He was traded to the AFL's Miami Dolphins in 1969. He continued to play well with the Dolphins, in 1969-1974 and 1976, and made the AFL All-Star team in 1969 and the NFL Pro Bowl in 1972 and 1973. Named All-AFC in 1972 as well.
His leadership made him a cornerstone of the Dolphins' defense. During his years there, the team advanced to three consecutive Super Bowl appearances, one of which was the team's 1972 undefeated season. In 1973, he recorded a then-team record 162 tackles (91 unassisted). He was named to the AFC-NFC Pro Bowl in 1972 and 1973.
Buoniconti ended his career with an unofficial 24 sacks, eighteen with the Patriots and six while with the Dolphins.
He was named the Dolphins' Most Valuable Player three times (1969, 1970, 1973). In 1990, he was voted as a linebacker on the Dolphins' Silver Anniversary All-Time team. A year later on November 18, 1991, he was enshrined on the Dolphin Honor Roll at Joe Robbie Stadium.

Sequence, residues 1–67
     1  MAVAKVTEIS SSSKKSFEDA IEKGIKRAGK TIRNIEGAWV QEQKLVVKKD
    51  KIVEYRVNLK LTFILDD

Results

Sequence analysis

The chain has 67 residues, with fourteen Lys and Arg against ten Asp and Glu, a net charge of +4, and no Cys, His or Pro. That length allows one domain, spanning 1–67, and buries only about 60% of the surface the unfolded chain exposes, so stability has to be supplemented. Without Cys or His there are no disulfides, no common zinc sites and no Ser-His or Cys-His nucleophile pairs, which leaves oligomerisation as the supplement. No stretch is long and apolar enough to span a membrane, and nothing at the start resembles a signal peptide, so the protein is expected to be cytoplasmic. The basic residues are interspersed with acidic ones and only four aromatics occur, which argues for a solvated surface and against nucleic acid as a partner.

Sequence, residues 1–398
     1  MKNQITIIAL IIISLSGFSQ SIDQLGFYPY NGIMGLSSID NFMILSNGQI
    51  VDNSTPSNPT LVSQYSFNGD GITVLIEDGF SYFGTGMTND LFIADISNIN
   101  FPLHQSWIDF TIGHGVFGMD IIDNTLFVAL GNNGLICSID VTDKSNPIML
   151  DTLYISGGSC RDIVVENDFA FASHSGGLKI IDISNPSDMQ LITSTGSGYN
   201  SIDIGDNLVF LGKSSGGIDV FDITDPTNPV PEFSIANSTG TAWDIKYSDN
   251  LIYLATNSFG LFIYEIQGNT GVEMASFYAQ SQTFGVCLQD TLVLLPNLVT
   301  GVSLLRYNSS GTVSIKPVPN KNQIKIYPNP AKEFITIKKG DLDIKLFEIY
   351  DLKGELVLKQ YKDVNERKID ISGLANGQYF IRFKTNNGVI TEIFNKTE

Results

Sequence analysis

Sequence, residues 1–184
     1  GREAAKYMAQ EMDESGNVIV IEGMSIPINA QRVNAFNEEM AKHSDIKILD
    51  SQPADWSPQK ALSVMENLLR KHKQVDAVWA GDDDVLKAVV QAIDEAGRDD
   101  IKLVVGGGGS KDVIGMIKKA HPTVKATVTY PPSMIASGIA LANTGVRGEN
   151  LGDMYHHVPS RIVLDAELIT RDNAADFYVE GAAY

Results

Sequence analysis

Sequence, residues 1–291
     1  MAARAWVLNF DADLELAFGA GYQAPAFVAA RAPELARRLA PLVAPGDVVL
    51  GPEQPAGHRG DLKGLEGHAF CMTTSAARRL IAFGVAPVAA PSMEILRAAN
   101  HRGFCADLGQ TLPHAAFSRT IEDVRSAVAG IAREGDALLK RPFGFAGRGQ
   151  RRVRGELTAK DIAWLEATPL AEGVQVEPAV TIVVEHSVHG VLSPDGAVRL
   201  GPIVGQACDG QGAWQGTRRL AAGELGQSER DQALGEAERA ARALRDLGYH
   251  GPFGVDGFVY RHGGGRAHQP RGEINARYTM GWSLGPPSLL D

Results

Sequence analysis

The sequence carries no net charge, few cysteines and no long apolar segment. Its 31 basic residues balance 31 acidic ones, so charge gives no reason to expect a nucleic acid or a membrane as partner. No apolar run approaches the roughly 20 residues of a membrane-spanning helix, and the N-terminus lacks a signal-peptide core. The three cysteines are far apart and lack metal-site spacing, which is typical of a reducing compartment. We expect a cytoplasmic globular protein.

Buoniconti got his law degree during his years with the Patriots. He was a practicing attorney for a short time. He was also President of the US Tobacco Company during the late 1970s and early 1980s. He was a leading critic of studies which showed that smokeless tobacco caused cancer of the mouth as well as other types of cancer.
In recent years, he has become the most outspoken member of the 1972 Undefeated Season team. It is rumored that he leads a champagne toast every year after the last remaining undefeated team loses for the first time. Also, it is reported that Buoniconti sends a Christmas card every year to former Minnesota Vikings defensive end Bob Lurtsema, whose roughing-the-passer violation in an early 1972 game aided the Dolphins' undefeated season.
Buoniconti also appeared in one of the American Express "Do you know me?" TV ads, in which he talked about the No-Name Defense. The punch line was a variation on an old joke, with Buoniconti remarking that everyone knows him now. A passerby remarks, "Hey, I know you... you're... uh... uh..." trying to recall Buoniconti's name. Upon being told that it's Nick Buoniconti, the passerby says, "No, that's not it."
Buoniconti put his verbal talent to use as a co-host of the HBO series Inside the NFL until 2001. That same year, Buoniconti was named to the Pro Football Hall of Fame.
In 1985, after his son Marc suffered a paralyzing spinal cord injury making a tackle for The Citadel, Nick became the public face of the group that founded the Miami Project to Cure Paralysis, now one of the world's leading neurological research centers.
Buoniconti is a member of the National Italian American Sports Hall of Fame.